dprezgay

Glue Small Stamps to Handle

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I am trying to organize the tools at our local BSA.  I am going to buy several of the Craftool Native American Symbols stamp sets.  They are 1/4" 2d stamps that need a small stamp handle to use.  After working with Cub Scouts, I find it necessary to buy a bunch of the small stamp handles and glue them to the stamps.   This brings up the price by about 3.00 per stamp (there are 43 stamps in the set that costs about 30.00 for the whole set,) but it would solve several problems. 

   Every session during the day we ended up looking for these stamps that were missing due to the small size. 

   The younger kids had a harder time changing the stamps since some of the extra handles that they had were too tight and got stuck in the stamp.  

The question I have is:

     What is the best glue to use that will stand up during it's (ab)use by the kids? 

I'm talking about the repeated mallet blows and occasional dropping of the stamp.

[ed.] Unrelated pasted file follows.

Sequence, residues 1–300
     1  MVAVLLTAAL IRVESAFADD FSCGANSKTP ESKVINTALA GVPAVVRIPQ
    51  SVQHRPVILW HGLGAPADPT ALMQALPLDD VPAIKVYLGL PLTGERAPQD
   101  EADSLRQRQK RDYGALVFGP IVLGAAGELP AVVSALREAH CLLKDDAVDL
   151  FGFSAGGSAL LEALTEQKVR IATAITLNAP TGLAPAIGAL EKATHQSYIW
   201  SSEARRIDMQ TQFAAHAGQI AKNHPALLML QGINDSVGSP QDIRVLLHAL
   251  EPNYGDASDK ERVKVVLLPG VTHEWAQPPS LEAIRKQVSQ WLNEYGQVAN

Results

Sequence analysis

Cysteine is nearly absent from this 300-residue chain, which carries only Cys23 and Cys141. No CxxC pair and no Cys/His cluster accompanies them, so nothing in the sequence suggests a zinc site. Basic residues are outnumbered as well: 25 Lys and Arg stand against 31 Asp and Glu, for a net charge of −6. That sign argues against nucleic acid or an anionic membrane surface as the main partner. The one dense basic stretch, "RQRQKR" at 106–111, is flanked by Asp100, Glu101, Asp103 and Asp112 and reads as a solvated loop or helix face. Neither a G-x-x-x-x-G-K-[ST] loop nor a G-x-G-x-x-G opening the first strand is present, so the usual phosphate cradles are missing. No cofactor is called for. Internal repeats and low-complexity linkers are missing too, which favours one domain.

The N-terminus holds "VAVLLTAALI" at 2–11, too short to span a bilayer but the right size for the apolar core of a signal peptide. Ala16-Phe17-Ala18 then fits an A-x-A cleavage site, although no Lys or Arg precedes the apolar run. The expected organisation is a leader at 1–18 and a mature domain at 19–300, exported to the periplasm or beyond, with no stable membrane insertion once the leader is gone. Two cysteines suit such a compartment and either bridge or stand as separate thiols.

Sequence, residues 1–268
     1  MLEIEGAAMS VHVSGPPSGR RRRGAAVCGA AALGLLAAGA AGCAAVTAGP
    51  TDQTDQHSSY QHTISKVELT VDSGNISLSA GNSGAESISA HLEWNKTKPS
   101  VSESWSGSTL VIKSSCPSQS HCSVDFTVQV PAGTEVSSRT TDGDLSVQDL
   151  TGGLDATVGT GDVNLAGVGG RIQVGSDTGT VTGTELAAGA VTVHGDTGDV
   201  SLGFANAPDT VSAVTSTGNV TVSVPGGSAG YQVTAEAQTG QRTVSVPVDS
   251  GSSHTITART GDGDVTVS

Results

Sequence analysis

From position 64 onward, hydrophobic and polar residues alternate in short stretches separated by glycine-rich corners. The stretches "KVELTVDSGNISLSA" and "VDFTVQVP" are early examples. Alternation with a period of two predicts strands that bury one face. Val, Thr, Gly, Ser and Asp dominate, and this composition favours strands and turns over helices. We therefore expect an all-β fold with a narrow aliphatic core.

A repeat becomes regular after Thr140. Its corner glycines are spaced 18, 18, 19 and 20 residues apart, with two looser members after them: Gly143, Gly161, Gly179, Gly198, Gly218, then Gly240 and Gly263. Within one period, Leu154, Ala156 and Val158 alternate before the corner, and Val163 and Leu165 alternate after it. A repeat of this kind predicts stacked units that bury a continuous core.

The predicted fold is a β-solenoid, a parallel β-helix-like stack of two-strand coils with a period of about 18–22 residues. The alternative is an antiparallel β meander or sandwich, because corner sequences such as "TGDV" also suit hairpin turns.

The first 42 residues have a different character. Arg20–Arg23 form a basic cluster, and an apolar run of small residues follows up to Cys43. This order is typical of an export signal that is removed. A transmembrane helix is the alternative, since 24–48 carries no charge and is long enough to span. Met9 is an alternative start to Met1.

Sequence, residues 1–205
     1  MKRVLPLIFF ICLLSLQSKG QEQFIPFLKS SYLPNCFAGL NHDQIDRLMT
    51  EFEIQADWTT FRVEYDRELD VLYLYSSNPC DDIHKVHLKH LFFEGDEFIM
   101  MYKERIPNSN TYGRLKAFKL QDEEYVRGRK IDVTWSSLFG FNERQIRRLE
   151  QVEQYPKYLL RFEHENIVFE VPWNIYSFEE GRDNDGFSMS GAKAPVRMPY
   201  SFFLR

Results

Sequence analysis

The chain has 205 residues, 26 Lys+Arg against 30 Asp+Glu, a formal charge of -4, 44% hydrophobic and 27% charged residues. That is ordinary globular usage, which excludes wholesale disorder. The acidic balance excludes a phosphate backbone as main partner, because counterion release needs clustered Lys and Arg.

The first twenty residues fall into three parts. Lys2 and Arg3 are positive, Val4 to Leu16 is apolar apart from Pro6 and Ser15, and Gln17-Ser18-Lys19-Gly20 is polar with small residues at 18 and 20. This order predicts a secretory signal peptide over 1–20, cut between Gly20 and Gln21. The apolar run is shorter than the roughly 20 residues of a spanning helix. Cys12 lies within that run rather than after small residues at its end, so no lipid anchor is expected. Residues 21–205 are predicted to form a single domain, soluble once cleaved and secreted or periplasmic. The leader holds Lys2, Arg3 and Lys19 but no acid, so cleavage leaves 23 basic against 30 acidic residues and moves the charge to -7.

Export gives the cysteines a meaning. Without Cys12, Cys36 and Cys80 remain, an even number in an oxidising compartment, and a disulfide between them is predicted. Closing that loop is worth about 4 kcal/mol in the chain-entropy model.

This seems excessive to add about 130.00 to the cost of a 30.00 set but I believe it would speed the kids up and save time by not having to look for the lost stamps.    

The group sizes I deal with in the BSA Day Camp program are usually less than 10 with a total of up to 125 kids a day.  And I am pretty anal about making sure all the stamps are there after each session since I am taking my own personal stamps to the events. 

But I can't make it to each Day Camp and they are supposed to have 4 sets of these tools to loan out.  So I am trying to raise money to buy the rest of what they need.

What do you think?

 

 

 

 

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Take a stamp of each size to Home Depot ot Lowes or other hardware store and find the proper steel rod to fit.  Cut it to lengths that match the "real" handles. Grind off any rough or sharp edges on the top end.

You may be able to get a small machine shop to donate time to do the cutting and grinding. Or a parent who has the appropriate tools at home

Use JB Weld to put a SMALL dab in the hole. Then spread some around the junction of the shaft and the top of the stamp.

Once dry, it's not coming apart.